Wednesday August 24, 2022

NOAA Fisheries

Stormwater runoff containing a toxic compound from automobile tires that washes into streams is lethal to protected coho salmon, Pacific steelhead, and Chinook salmon, according to new research published today. In contrast, sockeye salmon seem largely unaffected by the same compounds.

The newly identified risk to steelhead and Chinook salmon could help inform mitigation efforts for construction and overhaul of highways on the West Coast to ensure that future runoff is less lethal to for salmon and steelhead. Some western states have already begun designing highways with inexpensive filtration measures shown to protect salmon.

“There is good news for the fish. Biofiltration appears to remove a decent amount of the toxicity,” said Barbara French, a research scientist at NOAA Fisheries’ Northwest Fisheries Science Center in Seattle. “As we learn more about the effects of roadway runoff on fish, we learn more about where these mitigation efforts are most warranted.”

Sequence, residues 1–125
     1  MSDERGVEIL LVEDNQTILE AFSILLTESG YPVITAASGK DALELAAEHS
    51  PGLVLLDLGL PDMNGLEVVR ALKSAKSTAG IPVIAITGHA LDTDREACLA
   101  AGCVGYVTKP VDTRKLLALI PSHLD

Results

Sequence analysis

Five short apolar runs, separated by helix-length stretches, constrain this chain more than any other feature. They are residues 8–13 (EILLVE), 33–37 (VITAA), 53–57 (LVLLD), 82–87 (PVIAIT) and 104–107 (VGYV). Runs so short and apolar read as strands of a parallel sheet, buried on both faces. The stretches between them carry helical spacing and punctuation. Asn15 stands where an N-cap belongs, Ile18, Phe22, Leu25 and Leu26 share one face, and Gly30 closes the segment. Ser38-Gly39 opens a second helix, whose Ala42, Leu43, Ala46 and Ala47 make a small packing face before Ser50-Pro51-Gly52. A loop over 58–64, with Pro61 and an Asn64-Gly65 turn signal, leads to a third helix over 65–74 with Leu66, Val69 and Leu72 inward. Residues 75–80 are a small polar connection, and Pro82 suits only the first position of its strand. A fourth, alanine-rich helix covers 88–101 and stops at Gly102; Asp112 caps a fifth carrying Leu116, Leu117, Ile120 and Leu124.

The Center has been continuously investigating the causes and conservation implications of fish deaths caused by urban runoff since 2002. This research has helped us better understand untreated stormwater runoff’s scope and impact on ongoing threatened species recovery efforts, particularly in rapidly-urbanizing areas of California, Oregon, Idaho, and Washington.

Read more >

Link copied successfully